- About Us
E-tron, new A8, new Q3, new A7, plenty of RS cars, an all-petrol line-up — 2020 will be an action-packed year for Audi India and it kicks off with the Q8
If you’re wondering why you haven’t heard about Audi in recent months, it’s because there has been nothing to talk about — no new cars, no new SUVs, no new plans, nothing of note really. That’s set to change. “We want to get back into the consideration set,” says Balbir Singh Dhillon, the new head of Audi India before adding, “there’s no way to go but up”. And it all starts with this, the Q8 that will launch in India on January 15 of the new year.
Audi India’s Q8 Game plan
Actually it has already started, Balbir reminds me, with the new A6. And he dispossessed me of the notion that it stands zero chance against the long-wheelbase E-Class, pointing out that the A6 is already growing volumes for the brand. He is riding shotgun with me in the Q8 on our first drive in Dubai, though the pictures are through a desert in another part of the world — somebody forgot to tell the multiple photographers spilling out of their multiple Q7s that Indian magazines require dynamic images! Anyway, the hundred static images of the Q8 with camels in the desert does remind me of the Q7 — we first sampled it in Dubai in 2006, and that was the beginning of Audi’s assault on India that, in short order, would take them to the top of the charts. Bollywood, cricketers, influencers in the days before Instagram, all drove Audis and all rocked up at Audi parties. It was the cool, young, hip brand to hang with. That’s the vibe Audi India needs, what the Q8 is tasked with bringing back. And though the Q8 will never do Q7 kind of volumes, it will be Audi India’s brand shaper in the days to come.
Volumes are an important thing to talk about. The Q8 will be nearly double the price of the Q7 at around `1.5 crore. It will be brought in limited numbers so that Audi India and their dealers can begin transitioning away from discounting and pushing volumes to pulling in customers. Audi India is going to encourage personalisation — colours, interior trim, wheel sizes, better sound setups, Matrix LED lighting, the works. Dealers will, of course, have stock cars that you can drive out immediately but Balbir wants to, as far as possible, ensure that no two (or realistically, three) Q8s look the same. You will have to be patient though, for 4-5 months for your personalised Q8 to arrive from Germany — there are no plans to assemble it in India, hence that sticker price.
What you don’t have an option on is the powertrain. No diesels! In fact, come April 2020 Audi India will not have a single diesel engine in their entire line-up. What you get with the Q8 is the 3-litre turbo-V6 petrol with a 48V mild-hybrid system that is badged 55 TFSI in Audi’s bizarrely complicated engine nomenclature. It puts out 335bhp and that’s good for a 0-100kmph time of 5.9 seconds. Which brings me to the question you’re probably asking— where does the Q8 slot in alongside the Q7, Urus and Cayenne, all four based on the VW Group MLB-Evo platform? Actually the Bentley Bentayga is on the same underpinnings but let’s not go there.
Audi Tech Explained
The Q8 isn’t the Urus killer, not for now at least. It does remind me a lot of the Urus, especially the side profile, frameless doors and interior architecture — and you could even call it the more affordable Urus — but the task of properly taking on the Urus will be assigned to the Q8 RS that will come later in 2020. As for the Cayenne, it sits on the shorter wheelbase MLB-Evo and, being a Porsche, is more athletic and driver-oriented. The Q8 defaults to a more relaxed and effortless driving experience as I discover on the UAE’s smooth highways heading to the, erm, Love Lake. 335bhp doesn’t deliver the absurdly hard acceleration in the manner of a Cayenne Turbo but in all honesty you never really ask for, nor require, more. It stays ahead of all the V8 Patrols and Land Cruisers and sounds adequately growly while keeping in step with the G 63 AMGs that is to the Emirates what Maruti is to India. The 48-volt system drives a small electric motor at the front of the engine and its main purpose is to torque-fill, add more bottom- end grunt and quicken the response while chasing Bentleys and Lamborghinis. The electric motor also acts as the starter, smoothening out the start/stop and also shutting down the engine while coasting between 60 and 160kmph. And of course the brakes regenerate to charge the lithium-ion battery.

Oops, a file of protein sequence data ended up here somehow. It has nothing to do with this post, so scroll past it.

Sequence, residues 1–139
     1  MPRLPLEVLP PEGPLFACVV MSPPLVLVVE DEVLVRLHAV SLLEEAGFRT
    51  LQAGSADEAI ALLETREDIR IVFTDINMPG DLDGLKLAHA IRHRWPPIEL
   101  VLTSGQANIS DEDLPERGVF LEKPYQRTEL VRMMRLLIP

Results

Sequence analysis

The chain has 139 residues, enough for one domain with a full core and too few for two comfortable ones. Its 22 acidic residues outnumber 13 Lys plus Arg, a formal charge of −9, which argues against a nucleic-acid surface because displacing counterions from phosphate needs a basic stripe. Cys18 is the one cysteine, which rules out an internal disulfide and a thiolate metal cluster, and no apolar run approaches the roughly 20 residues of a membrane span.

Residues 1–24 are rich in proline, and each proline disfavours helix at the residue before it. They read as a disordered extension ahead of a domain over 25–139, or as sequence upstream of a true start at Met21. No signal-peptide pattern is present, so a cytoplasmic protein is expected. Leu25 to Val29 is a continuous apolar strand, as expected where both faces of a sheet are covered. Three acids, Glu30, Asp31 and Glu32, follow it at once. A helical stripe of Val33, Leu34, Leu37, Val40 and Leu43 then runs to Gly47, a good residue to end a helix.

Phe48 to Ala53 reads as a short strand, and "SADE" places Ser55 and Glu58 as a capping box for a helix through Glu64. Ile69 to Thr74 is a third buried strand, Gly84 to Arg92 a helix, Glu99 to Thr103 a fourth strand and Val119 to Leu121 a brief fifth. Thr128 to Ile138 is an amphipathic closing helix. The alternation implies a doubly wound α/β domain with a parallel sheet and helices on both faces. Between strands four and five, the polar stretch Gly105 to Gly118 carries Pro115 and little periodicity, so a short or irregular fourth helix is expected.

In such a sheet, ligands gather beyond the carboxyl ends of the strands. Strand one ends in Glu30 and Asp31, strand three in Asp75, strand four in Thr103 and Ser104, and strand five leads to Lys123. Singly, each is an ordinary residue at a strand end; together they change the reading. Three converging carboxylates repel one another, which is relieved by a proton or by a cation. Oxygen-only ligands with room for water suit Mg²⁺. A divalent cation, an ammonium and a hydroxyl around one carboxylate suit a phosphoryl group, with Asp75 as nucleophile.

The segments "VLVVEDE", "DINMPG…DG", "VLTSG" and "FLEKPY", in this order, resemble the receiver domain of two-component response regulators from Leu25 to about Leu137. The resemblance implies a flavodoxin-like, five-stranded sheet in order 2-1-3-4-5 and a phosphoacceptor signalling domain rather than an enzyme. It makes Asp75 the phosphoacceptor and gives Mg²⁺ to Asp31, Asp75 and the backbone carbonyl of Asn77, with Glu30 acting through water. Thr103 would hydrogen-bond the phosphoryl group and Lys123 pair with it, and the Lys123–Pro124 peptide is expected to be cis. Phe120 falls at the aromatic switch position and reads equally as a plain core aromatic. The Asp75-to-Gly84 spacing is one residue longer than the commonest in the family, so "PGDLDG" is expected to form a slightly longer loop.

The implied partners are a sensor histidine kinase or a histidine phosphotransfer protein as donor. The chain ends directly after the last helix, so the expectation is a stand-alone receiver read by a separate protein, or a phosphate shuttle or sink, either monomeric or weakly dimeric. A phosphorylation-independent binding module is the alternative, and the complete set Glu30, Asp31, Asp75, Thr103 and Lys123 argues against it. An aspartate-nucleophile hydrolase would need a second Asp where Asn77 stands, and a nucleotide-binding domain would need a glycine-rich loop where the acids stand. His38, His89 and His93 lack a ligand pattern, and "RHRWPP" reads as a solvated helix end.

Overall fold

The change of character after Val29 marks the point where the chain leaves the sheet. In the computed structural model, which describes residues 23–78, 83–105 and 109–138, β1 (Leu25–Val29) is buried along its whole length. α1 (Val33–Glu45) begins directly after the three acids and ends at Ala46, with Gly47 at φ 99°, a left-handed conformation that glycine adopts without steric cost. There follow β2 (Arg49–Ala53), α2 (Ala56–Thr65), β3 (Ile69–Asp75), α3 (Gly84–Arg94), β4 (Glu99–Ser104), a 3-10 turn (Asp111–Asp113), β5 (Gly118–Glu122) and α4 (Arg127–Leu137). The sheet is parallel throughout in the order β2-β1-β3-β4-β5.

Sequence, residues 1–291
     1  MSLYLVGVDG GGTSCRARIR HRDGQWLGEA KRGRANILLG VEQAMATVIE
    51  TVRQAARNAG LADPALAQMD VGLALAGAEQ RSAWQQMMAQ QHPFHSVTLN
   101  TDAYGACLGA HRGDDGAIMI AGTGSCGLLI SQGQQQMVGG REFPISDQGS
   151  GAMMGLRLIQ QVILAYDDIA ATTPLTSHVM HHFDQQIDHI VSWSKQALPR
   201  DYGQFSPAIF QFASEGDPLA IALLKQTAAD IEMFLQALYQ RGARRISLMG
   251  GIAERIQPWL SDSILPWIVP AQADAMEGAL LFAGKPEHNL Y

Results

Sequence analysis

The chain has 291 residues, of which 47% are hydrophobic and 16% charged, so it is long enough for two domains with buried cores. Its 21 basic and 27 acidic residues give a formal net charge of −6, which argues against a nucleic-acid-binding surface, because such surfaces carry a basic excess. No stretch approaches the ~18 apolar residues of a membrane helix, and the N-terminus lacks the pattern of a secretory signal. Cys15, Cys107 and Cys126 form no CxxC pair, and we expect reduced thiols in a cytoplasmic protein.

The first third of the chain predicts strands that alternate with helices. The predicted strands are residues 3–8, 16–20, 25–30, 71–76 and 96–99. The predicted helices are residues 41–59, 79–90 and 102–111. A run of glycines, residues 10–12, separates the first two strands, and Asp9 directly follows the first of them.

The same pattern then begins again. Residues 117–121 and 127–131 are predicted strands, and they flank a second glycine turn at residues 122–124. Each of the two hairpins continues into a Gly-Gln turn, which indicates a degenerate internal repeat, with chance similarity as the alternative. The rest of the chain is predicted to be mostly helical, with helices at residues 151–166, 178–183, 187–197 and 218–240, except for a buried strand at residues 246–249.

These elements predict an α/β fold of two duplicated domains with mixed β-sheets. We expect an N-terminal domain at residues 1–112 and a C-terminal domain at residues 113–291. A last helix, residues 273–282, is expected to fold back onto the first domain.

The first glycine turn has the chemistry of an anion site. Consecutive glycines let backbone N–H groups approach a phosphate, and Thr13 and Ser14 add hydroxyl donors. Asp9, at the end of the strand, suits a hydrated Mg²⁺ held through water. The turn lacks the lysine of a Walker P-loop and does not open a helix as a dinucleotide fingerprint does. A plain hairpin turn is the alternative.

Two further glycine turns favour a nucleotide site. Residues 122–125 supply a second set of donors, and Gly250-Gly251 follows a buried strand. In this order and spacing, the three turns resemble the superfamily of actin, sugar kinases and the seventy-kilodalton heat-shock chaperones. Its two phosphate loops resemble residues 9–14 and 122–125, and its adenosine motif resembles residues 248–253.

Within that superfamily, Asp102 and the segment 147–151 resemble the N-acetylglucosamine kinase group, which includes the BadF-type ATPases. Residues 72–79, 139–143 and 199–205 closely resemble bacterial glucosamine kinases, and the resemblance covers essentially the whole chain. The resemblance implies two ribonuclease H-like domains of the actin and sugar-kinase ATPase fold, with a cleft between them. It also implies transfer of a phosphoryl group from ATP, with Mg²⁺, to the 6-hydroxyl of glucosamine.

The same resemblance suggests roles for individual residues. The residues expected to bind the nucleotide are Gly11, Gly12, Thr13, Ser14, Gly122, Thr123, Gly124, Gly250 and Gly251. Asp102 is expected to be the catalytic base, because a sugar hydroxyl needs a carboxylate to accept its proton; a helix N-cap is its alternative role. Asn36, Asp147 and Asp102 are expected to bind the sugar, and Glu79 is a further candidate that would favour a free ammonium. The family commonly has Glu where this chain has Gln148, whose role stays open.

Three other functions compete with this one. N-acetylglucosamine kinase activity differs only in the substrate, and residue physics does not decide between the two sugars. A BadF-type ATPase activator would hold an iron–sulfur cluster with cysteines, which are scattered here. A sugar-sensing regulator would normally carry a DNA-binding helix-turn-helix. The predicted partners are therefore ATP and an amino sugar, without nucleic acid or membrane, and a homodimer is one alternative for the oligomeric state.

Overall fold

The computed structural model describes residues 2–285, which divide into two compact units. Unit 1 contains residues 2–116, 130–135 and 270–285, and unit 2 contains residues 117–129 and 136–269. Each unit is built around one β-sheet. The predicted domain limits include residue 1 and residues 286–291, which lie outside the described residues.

Q8 Drive and Handling
Swap LHD for RHD and the Q8 I’m driving in Dubai is what will come to India, except for maybe the 22- inch wheels on the Vorsprung-spec which, in normal course, I’d strongly suggest you stay away from. Except, on the dirt tracks around the Love Lake the Q8 still rides well and doesn’t feel uncomfortably firm. 40-profile is a relatively tall sidewall for the 22-inch tyres and they soak in the ruts and ripples surprisingly well, so much so that I’d remind you to opt for the tyre insurance and splurge on the Audi Sport wheels with their deep centres and delicate, trident-shaped spokes. It says a lot of the dynamic character of the Q8 that you just jump in and drive it very fast — you do not have to learn the car; it’s all very natural. The stiff chassis delivers very good body control and the Vorsprung-spec has rear-wheel steering that delivers even more heightened agility. The steering is light and, as expected, devoid of much feel but the weighting is actually well judged making it very easy to drive the Q8. And of course with quattro there’s always enough grip in reserve, even when there’s sand billowing across the road.
What the air suspension doesn’t soak up the seats do. These aren’t sports car-aping hard shells — they’re big, supportive and cushy and seven hours later I stepped out of the Q8 feeling fresher than one who had just two hours of sleep on the flight into Dubai has any right to be.